Honing the story has really been influenced by our QVC airings. The need to have a laser-focused presentation that clearly articulates the brand history, mission and, most important, product features and benefits in a short period of time has helped in clarifying these messages for our broader distribution. Conveying the unique point of difference in being formulated with scientifically validated ingredients in the clinically recommended levels has become much clearer through this process, helping us really deliver the messages that resonate best with our target audience.  

Trend reports from sources like NPD, Kline, and HatchBeauty have also helped shape our messaging strategy, leaning in on aspects of the brand and products that are most relevant right now. A good example is dialing up the messaging around antioxidants in our blends during COVID. The awareness of this ingredient story was especially high, so providing more education on these ingredients and their associated benefits helped us develop a deeper connection with our community.

Dwayne D’Souza Founder, Dermatica

In order to evolve my brand, I needed to really understand the market, ours being the dermatology and skincare side of the market. This involved intensive market research, speaking to hundreds of people, [including] dermatologists, conducting surveys, etc. I spent a lot of time reading medical journals and clinical studies to understand how ingredients worked, the evidence behind them and why they are better than anything else you can currently purchase online.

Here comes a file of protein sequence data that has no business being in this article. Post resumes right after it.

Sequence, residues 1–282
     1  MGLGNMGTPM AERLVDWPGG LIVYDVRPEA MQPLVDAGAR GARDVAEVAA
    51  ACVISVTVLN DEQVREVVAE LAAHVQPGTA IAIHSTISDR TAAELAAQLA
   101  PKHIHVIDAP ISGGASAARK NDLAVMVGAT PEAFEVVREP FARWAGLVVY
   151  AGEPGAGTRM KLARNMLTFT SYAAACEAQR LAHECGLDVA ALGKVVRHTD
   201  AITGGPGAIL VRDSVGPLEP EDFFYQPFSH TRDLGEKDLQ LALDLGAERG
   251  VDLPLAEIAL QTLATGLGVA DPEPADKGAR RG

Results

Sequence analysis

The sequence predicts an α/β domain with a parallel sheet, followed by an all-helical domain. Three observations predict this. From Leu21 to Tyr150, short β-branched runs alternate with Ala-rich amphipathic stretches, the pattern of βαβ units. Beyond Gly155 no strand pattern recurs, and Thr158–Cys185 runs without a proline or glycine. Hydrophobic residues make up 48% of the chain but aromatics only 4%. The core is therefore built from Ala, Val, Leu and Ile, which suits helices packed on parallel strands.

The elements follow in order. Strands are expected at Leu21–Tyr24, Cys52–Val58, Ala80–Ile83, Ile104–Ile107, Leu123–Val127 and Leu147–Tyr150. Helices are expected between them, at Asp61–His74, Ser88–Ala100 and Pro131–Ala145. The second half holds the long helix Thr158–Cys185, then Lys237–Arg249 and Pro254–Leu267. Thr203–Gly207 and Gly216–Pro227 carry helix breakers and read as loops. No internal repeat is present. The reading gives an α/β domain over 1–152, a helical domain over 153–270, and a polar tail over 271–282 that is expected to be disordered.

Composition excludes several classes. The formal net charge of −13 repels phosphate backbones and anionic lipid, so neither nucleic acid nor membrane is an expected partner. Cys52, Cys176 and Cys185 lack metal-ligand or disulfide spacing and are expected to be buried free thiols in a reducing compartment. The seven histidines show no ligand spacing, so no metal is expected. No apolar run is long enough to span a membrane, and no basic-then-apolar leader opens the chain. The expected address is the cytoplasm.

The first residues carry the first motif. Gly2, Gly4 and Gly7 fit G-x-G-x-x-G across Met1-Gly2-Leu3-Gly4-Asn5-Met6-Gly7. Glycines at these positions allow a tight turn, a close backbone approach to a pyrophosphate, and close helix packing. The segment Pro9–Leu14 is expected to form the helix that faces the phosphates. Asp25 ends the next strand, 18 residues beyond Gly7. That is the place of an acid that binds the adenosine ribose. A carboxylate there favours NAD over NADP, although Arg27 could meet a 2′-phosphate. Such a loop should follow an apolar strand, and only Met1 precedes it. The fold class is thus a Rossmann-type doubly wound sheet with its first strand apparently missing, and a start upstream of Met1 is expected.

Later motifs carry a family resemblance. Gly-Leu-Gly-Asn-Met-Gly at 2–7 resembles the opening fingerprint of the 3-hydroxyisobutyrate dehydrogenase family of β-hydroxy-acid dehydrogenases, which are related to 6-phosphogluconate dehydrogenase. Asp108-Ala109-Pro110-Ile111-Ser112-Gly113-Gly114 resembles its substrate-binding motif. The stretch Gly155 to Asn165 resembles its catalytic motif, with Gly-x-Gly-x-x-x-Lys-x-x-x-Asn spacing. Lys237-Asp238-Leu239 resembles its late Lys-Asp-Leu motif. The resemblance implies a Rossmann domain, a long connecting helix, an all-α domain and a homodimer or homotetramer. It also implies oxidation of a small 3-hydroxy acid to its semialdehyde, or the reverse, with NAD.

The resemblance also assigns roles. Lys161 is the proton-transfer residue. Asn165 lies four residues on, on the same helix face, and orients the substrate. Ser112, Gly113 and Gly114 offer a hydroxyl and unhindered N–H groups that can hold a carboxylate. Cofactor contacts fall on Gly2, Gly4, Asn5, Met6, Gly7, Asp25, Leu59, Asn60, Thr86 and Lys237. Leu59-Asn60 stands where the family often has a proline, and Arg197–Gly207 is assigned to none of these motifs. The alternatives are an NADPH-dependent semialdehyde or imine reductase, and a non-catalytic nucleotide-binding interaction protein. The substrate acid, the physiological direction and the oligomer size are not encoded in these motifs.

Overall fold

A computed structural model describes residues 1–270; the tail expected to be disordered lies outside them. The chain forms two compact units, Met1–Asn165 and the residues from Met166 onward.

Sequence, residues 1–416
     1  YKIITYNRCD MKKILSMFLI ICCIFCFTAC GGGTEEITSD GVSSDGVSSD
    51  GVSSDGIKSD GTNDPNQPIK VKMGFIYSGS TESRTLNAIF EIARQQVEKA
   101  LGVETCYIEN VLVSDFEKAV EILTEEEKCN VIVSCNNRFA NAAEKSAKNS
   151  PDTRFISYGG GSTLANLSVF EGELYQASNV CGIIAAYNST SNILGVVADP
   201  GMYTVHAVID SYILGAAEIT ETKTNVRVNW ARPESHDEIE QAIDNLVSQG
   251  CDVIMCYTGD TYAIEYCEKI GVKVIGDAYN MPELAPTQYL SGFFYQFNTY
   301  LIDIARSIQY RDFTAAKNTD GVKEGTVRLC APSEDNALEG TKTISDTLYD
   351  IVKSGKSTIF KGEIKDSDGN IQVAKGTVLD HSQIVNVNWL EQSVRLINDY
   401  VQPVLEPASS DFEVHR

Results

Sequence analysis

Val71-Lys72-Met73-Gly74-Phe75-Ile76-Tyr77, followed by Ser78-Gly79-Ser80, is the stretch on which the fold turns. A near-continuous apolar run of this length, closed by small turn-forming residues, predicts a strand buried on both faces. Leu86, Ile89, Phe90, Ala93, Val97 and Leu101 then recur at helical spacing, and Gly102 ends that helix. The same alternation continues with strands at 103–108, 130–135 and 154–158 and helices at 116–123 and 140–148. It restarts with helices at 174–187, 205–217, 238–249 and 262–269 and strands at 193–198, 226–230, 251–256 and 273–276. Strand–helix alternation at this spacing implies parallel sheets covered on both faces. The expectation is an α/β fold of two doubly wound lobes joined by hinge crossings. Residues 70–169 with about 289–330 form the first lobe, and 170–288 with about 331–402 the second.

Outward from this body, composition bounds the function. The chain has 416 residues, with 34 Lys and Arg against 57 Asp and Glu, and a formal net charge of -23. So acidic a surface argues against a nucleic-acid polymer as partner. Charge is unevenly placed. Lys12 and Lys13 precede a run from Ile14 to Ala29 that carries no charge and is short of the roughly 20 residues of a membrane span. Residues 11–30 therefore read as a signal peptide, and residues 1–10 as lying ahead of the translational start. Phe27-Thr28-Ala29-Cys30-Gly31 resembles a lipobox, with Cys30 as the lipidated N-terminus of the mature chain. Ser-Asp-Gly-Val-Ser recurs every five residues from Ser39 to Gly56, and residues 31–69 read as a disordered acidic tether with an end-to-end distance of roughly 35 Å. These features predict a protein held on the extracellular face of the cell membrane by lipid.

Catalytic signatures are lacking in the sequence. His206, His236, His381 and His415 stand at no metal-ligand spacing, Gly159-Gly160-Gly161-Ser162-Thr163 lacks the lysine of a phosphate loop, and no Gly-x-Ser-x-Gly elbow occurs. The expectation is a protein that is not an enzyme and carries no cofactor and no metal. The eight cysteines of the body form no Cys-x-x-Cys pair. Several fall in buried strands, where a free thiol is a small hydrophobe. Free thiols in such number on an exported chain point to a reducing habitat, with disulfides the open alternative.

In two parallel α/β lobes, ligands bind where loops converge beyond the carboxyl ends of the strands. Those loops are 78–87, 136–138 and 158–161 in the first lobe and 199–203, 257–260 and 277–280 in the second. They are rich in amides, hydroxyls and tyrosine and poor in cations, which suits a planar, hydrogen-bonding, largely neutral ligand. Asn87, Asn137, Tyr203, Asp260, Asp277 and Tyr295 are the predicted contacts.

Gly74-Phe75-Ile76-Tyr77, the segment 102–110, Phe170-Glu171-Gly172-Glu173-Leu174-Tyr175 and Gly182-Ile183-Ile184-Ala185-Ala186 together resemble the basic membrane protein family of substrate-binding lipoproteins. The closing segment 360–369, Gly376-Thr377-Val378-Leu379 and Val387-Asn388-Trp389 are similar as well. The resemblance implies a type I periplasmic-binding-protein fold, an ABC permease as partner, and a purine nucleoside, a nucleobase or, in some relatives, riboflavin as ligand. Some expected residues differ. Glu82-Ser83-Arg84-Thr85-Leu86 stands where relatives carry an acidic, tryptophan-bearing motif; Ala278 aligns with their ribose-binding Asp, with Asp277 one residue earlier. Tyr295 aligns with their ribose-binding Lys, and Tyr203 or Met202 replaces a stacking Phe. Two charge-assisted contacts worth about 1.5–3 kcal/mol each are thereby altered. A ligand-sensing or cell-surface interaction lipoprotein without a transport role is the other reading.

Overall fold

Resources/education: The personalization aspect became abundantly clear that it was needed as the current offerings on the market are not sufficient to meet the needs of people’s skin concerns and we need a more comprehensive solution. We flew over leading experts from the U.S. to educate myself and the team on the process of personalization known as compounding. 

Be involved. I always like to know every part of how the business operates, so I spent and spend now a lot of time in the lab creating skin formulas.

Understanding consumer needs and demand. Over time, I learned more in depth what our customers are looking for and what the market demand is for certain skin products. I regularly read on Reddit, Facebook Groups and other social media channels about what peoples difficulties are with their skin, and we are developing an exciting pipeline of products to address these issues.

Britton Hardin Co-Founder, NFZD Beauty

In the short time since the inception of our brand, we've come to feel that, through branding, messaging, logos and color palettes, other Black-owned beauty brands in the space speak to a similar demographic. We understood that our branding and packaging would have to change to stand out and pierce through. By consulting with our mentor, reading numerous articles, listening to several podcasts and participating in online lectures, we feel that we've identified a community amongst women and women of color that has not been catered to that we'd like to serve directly.

Mila Moursi Founder, Mila Moursi